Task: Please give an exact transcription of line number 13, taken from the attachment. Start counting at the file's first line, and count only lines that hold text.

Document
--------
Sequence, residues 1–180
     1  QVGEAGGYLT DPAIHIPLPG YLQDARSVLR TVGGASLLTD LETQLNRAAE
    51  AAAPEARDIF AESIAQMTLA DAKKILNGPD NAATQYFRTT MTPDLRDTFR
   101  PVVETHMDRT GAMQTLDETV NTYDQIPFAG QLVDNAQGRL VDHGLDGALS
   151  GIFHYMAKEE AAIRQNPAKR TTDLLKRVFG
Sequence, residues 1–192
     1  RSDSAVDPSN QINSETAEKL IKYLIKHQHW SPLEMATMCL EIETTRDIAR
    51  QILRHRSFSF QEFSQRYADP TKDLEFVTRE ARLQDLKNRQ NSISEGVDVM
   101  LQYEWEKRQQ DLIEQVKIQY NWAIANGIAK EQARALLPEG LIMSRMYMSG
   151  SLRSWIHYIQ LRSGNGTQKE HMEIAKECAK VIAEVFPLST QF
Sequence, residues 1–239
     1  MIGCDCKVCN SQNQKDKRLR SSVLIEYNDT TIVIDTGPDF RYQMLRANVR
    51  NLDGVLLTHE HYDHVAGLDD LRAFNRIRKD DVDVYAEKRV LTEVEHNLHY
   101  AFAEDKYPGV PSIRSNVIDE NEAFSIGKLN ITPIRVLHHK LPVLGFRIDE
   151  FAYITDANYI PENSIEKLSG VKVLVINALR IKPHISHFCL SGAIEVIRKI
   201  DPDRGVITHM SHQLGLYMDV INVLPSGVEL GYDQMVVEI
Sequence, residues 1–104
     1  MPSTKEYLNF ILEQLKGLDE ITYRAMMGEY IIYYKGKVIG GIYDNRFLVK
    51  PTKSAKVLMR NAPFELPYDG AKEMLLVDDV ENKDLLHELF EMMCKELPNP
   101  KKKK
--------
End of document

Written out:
    51  NLDGVLLTHE HYDHVAGLDD LRAFNRIRKD DVDVYAEKRV LTEVEHNLHY